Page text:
This essay focuses on recent divorce reforms in Egypt (2000) and Morocco (2004), with equal attention to the positions of men and women who end their marriages.
Whereas in Egypt, non-consensual, no-fault divorce reform (khul‘) is open only to women, in Morocco, another form of non-consensual, no-fault divorce, shiqāq, is open to both women and men, with men using it almost as frequently as women. Based on legal analysis and anthropological fieldwork, I consider first how men and women navigate rights and duties in divorce and then examine the differences between the two countries in the way men and women try to obtain divorce. I conclude that when both men and women are given opportunities for non-consensual, no fault divorce, highly gender-specific divorce regimes, such as the ṭalāq and taṭlīq, quickly lose their popularity.
The reform of codified divorce law has developed in stages throughout most of the Muslim world. During the first stage, legislators and ruling elites introduced procedural constraints that limited a husband’s right to a non-consensual and no-fault divorce through ṭalāq. Simultaneously, the grounds on which a woman may initiate a fault-based divorce (taṭlīq) were expanded, mostly in countries where the Hanafi law school is dominant (Welchman 2007: 109; Kruiniger 2015: 87). In Egypt, for example, a repudiation pronounced by a husband who is intoxicated or under duress was declared ineffective in 1929 (Article 1 of Personal Status Law no. 25/ 1929). Additionally, the triple ṭalāq, in which the husband utters the repudiation three times in one sitting, counted, and still counts, as only one (ibid.: Article 3). Before the initial codification of Personal Status Law (hereinafter PSL) in 1920, Egyptian Muslim women could only request a non-consensual divorce on the grounds allowed by the Hanafi law school, i.e., the husband’s impotence, prolonged absence (i.e. if 90 years have elapsed since his birth), or apostasy. The PSLs of 1920 and 1929 gave women several new grounds for divorce. These were, and still are, the husband’s absence without legitimate cause for a period exceeding one year (Article 12 of PSL no. 25/1929); his imprisonment for a period exceeding three years (Article 14 of PSL no. 25/1929); his mental illness or grave and incurable sickness, about which the wife had no knowledge at the time of the marriage (Article 9 of PSL no. 25/1929); his failure to provide maintenance; or his harming of his wife (Article 6 of PSL no. 25/1929; amended by PSL no. 100/ 1985).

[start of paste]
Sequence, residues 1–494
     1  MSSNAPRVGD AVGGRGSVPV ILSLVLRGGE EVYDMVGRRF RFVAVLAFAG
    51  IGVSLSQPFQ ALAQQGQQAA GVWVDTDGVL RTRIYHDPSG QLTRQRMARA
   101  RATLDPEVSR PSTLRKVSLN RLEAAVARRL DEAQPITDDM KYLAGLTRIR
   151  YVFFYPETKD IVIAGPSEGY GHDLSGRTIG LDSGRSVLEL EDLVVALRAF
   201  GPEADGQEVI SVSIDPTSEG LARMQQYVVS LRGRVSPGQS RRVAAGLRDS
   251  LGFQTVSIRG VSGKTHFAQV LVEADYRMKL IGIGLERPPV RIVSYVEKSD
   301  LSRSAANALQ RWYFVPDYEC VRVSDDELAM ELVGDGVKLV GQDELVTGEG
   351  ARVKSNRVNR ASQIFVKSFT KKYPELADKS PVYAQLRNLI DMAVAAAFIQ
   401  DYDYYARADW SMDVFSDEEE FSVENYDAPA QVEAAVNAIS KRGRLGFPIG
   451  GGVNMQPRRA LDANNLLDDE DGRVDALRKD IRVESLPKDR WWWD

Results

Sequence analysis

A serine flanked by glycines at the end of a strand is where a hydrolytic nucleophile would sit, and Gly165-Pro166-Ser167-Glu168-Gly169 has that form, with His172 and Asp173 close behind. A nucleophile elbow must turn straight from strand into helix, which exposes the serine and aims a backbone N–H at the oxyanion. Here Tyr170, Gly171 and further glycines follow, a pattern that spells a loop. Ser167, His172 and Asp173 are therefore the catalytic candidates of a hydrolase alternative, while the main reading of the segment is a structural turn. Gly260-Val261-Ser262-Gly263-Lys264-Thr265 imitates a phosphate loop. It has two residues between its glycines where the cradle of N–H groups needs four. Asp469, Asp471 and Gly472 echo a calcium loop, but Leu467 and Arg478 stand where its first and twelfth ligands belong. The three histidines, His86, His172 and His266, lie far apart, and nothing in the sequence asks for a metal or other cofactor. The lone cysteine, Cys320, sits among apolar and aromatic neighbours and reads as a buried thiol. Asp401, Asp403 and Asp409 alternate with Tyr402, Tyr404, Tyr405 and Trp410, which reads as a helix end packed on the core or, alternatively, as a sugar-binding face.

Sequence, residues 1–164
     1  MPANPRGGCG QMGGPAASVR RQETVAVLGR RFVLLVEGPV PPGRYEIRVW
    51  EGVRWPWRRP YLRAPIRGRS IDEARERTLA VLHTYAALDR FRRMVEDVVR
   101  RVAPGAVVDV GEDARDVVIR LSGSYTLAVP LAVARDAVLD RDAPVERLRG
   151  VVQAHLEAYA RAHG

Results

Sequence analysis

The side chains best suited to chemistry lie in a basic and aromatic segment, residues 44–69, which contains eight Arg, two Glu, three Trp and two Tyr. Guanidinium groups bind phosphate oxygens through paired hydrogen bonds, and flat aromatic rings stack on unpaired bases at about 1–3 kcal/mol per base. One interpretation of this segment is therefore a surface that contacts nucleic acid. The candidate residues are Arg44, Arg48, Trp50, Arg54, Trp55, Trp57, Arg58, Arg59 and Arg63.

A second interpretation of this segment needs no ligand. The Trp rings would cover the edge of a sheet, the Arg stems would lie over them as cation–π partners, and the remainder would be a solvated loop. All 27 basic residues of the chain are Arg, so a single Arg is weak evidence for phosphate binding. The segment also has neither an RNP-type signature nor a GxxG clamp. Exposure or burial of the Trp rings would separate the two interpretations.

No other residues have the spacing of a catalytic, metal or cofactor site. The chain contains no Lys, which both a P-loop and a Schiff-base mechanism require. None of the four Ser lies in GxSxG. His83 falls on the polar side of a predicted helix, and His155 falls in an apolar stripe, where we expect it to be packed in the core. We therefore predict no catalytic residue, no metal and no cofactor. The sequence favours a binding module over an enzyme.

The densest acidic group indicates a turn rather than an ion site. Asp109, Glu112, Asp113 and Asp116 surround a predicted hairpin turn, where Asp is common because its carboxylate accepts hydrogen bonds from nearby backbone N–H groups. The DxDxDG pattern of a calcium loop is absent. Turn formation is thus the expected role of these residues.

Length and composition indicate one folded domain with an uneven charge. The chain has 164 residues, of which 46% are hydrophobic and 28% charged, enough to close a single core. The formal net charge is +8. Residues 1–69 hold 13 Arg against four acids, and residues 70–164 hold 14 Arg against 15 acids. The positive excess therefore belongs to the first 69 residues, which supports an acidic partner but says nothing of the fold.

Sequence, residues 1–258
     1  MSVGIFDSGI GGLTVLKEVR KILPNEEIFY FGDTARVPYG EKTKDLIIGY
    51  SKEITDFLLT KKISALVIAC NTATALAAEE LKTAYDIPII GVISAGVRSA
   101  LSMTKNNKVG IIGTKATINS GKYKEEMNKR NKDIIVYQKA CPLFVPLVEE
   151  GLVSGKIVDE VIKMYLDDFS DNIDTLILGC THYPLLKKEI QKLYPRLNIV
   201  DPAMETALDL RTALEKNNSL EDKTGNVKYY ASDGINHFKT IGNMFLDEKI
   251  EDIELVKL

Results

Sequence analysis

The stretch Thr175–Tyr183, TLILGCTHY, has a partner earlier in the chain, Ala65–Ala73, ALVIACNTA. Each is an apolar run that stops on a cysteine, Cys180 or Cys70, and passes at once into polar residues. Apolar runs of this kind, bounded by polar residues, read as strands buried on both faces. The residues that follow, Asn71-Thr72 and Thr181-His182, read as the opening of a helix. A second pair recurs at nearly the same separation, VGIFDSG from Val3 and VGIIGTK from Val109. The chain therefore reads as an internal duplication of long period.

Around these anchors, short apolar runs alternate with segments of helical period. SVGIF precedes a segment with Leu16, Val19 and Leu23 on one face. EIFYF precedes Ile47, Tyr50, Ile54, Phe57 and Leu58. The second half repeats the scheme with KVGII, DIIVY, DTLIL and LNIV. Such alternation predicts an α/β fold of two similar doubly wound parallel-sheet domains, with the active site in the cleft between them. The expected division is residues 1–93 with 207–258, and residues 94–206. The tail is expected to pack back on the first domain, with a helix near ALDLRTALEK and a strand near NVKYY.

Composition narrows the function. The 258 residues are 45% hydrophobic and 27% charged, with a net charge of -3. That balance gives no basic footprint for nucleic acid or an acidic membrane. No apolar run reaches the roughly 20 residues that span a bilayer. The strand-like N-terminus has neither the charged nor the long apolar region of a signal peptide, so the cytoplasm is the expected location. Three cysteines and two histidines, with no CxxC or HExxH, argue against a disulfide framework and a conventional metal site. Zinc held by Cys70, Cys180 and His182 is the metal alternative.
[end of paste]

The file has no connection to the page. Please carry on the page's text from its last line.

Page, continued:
Title: Divorce Reform in Egypt and Morocco: Men and Women Navigating Rights and Duties
Author: Nadia Sonneveld
Published in: Volume 26, Issue 1-2, 01 Jan 2019
Length: 29 pages